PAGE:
Villar pushes for extended producer responsibility on wastes

Villar pushes for extended producer responsibility on wastes

By Ernie Reyes

MANILA — Saying that the globe is in the middle of a climate
emergency, Senator Cynthia Villar cited the need to find the strategic
interventions to drastically redeem what would have been valuable
materials from the waste stream.

Villar, chairperson of the Senate Committee on Environment, Natural
Resources and Climate Change, has sponsored Senate Bill No. 2425,
under Committee Report No. 328 which refers to “An Act
Institutionalizing the Practice of Extended Producer Responsibility on
Plastic Packaging Waste. This would amend Republic Act No. 9003,
otherwise known as the “Ecological Solid Waste Management Act of

“This measure seeks to incentivize innovation, motivate producers to
take charge of the life cycle of their products, clearly defines
responsibilities and mandates and allows for better citizen
participation in reaching objectives and goals,” stressed Villar.

If done properly, she said that Extended Producer Responsibility (EPR)
is also an opportunity, an open door to a thriving industry that
pushes us into a circular economy where materials cycle through lives
and less land is lost to dumping and waste storage.

“We need to rescue our country from the ill repute of being a marine
litter culprit and demonstrate that a developing country can and will
make this work,” said the lady senator.

Without an EPR System, She said back trips of trucks and ferries will
not care to carry discards for reuse, recycling or processing.

Although those that make the products that become discards in very
short spans of time have always had the ethical responsibility, Villar
said they do not have the legal responsibility to ensure the
recyclability and upscalability of their products and packaging.

“The pandemic has both complicated and multiplied this problem
tenfold. Hence, this Chamber has the duty to act decisively and
effectively to pass a law that would have a high rate of compliance,”
emphasized Villar.

Around the world, she said, there is abundant evidence that EPRs have
allowed municipalities and taxpayers to deflect the financial burden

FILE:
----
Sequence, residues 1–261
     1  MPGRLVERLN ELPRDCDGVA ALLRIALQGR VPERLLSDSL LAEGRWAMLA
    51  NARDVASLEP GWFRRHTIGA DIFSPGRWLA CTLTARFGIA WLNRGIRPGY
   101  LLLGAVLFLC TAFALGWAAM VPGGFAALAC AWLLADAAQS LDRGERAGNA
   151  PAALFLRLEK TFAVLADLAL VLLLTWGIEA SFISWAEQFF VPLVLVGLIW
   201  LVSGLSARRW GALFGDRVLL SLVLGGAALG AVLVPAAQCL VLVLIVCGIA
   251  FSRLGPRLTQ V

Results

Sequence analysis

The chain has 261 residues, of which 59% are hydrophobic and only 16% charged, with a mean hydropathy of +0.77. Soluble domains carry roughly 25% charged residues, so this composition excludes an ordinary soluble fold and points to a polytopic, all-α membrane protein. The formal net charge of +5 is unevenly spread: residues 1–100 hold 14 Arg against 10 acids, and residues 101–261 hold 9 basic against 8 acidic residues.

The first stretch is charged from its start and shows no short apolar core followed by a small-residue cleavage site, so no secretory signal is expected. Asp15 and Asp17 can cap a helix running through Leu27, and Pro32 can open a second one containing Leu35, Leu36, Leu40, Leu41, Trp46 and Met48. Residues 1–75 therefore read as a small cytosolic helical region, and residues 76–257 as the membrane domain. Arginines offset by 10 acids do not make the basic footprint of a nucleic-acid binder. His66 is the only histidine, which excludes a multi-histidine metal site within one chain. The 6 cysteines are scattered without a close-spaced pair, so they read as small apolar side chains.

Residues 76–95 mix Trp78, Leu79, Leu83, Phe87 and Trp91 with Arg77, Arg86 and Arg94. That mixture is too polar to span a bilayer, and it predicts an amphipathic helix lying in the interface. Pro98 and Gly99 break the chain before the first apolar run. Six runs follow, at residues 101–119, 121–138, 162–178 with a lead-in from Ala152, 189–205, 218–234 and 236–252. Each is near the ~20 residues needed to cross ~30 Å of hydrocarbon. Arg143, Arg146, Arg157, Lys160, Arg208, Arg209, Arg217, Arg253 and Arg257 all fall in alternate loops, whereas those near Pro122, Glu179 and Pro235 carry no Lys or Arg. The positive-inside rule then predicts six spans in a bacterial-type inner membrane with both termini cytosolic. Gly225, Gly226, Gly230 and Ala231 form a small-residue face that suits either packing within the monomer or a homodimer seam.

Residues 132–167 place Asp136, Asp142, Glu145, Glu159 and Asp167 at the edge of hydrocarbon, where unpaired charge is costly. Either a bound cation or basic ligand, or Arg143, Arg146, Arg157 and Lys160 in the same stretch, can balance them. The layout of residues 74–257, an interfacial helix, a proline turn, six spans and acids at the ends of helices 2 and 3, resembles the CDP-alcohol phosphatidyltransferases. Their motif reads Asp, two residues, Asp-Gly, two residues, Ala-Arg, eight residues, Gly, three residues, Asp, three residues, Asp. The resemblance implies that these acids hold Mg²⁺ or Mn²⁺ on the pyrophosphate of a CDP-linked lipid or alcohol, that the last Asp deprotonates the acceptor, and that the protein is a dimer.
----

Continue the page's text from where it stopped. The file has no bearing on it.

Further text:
of waste management and transferred it to producers.

“More importantly, EPR systems have resulted in decreased volumes of
waste for final disposal and ushered in a thriving recycling industry.
And many of these companies.that succeeded also market their products
here and would likely have little difficulty in merely exporting their
success as they export their products and manufacturing.”

She recalled the July 10, 2000 Payatas landslide or the garbage dump
collapsed at Payatas, Quezon City which claimed the lives of 218

“A gigantic mountain of garbage first collapsed and then went up in
flames which resulted in the destruction of about 100 houses of
informal settler families. No less than 218 people perished, not
including those unaccounted for in a massive collapse of a mountain of
discards. As if that was not enough, the methane emitting waste turned
into an inferno,” remembered Villar.

The senator related that it was a horrific reminder that our society
was an abject failure at managing our wastes so that the next year,
Congress passed the Ecological Solid Waste Management Act.

But still, Villar stressed open dumpsites have remained operational.
Mixed wastes are being collected in urban areas. She said there is no
National Ecology Center and the burden of waste reduction, segregation
and management mostly fell into the lap of households and the local

She lamented our country has been notorious, named in several reports
as one of the top dischargers of marine plastics. A 2015 University of
Georgia study revealed that the Philippines, ranked third, next to
China and Indonesia (among 192 countries surveyed), in terms of volume
of plastic wastes produced by the population that goes into the ocean.

“And, six years hence from the conduct of that study, it seems that we
have not improved our ranking yet,” said Villar. (ai/mtvn)

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